How did you and your wife meet?

She was going to college at UCLA and her plan was to take a year off and then go to law school. During that year, Kevin was like, Oh my gosh, I need help with this. Can you help me do this? She said sure and did it really fast. Then he kept asking her to help out with other things: Can you book my and Jay’s travel? Can you talk to the venue and see if they can make sure that we have a hotel room? She just did everything really fast and Kevin was like, Wow, I need you to work for me. After like three or four months, Kevin’s like, Hey, let’s open a company together called SmodCo. So they opened the company.  But yeah, her plan was never to be at all in any type of entertainment. She wanted to be a lawyer.


When you first shot Clerks, you were nervous about being in front of the camera. How did you overcome your shyness?

I just had to step it up. During Clerks, I was able to get away with needing more time or privacy to feel comfortable. But when Kevin said to me, “Hey, we’re gonna do Mallrats, it’s going to be a studio movie and I wrote a character for you—Jay and Bob are in this movie—but you can’t be like you were on Clerks.  Not only can you not do that because, it’s a studio movie, it’s not gonna be just ten of us working on set, like a bunch of friends, putting duct tape around a hockey stick to hold up as a boom mic. There’s gonna be a first AD, second AD, there’s gonna be like forty people on set at all times. You gotta get over this.”

So again, in my head, I was like, I can’t pass up this opportunity. On set, I was [still] nervous, but I was like“ I can’t not do this.” So I sort of just pushed through it and, each day, it got a little bit easier and more comfortable. But honestly, I was nervous throughout the whole movie, but not as nervous—but I still didn’t feel confident. Then I did an independent movie called Drawing Flies right after Mallrats and I was still nervous, but I got a little more comfortable. It just got a little bit more comfortable, more practice, a little easier.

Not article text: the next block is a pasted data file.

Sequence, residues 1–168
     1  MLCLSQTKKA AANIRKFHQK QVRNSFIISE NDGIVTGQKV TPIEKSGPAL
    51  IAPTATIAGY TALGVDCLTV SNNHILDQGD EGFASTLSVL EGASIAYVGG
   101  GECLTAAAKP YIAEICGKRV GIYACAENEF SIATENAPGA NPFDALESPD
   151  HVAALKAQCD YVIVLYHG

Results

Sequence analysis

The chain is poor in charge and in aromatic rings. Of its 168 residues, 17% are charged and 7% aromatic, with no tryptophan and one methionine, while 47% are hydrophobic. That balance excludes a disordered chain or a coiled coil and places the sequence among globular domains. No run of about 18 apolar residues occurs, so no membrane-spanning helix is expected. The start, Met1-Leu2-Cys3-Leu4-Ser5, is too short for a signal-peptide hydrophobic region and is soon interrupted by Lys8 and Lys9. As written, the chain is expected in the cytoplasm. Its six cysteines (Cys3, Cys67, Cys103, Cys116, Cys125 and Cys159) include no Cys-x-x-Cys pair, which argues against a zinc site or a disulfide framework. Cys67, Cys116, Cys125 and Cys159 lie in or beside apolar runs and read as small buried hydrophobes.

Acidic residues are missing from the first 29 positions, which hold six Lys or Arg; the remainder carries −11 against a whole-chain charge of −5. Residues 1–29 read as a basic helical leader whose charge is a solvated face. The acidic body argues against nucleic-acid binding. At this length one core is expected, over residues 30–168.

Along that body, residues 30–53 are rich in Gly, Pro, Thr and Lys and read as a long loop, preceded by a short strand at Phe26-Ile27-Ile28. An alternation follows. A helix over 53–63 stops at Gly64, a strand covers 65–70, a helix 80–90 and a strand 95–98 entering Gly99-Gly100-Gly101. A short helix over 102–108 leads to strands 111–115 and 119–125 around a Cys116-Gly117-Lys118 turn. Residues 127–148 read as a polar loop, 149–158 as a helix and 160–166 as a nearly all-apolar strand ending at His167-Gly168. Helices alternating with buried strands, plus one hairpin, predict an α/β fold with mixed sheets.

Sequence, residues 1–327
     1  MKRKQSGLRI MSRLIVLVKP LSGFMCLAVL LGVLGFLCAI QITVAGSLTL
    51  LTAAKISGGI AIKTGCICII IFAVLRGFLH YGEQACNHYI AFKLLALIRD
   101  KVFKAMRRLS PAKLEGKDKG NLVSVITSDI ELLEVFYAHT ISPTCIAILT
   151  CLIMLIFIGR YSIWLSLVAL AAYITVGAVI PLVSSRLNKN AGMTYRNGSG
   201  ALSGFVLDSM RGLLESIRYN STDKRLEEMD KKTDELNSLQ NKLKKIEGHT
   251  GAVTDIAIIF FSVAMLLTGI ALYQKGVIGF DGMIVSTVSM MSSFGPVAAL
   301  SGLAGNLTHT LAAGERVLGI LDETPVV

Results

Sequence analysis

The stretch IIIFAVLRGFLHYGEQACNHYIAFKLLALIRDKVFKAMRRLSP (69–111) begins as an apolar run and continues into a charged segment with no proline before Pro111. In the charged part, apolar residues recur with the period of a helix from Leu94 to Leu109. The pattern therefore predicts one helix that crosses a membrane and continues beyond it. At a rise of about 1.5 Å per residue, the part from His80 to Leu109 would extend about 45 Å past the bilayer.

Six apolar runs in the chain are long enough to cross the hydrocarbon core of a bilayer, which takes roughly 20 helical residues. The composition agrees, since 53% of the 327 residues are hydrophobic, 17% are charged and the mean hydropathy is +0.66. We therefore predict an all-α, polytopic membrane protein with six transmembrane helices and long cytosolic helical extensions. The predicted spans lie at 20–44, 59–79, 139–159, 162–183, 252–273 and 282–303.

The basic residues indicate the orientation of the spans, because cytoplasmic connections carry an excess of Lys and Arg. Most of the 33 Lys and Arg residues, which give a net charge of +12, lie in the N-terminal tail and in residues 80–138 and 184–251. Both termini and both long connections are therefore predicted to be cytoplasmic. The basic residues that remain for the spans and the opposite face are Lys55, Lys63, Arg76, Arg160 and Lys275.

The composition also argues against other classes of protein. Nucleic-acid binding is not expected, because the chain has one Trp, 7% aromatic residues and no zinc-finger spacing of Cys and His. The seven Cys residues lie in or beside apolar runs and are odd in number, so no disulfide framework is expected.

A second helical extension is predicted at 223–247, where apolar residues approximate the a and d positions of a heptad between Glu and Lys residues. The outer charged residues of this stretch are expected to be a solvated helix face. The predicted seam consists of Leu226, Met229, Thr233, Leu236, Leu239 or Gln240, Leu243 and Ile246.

You know the next thing I had to get over? Kevin used to do An Evening with Kevin Smith and he would bring me on stage in front of like 1,500 people and say, “Welcome Jason Mewes!” It was so awesome. Everyone would scream and it was such a cool thing that I loved to do. But then, when I’d get out there, it was like, I was on camera in Clerks again! Someone would go up to the mic and say, “This question’s for Jason. Hey Jason, what was it like filming Clerks for the first time?” And I’d be like… It was good. Kevin afterwards would be like, “Bro, you gotta learn to answer better. Like answer the question, but give a little bit of a story.” It took years to get over that. Thankfully now, you know, it’s been long enough. I do my own A-Mewesing Stories. It’s interesting to go back and think it took four or five movies for me to get comfortable in front of the camera where I didn’t get nervous anymore. And it took me being on stage at least twenty times in front of an audience before I started feeling comfy, answering a question with a little bit of a story and not just being like, Yes. No. It was great.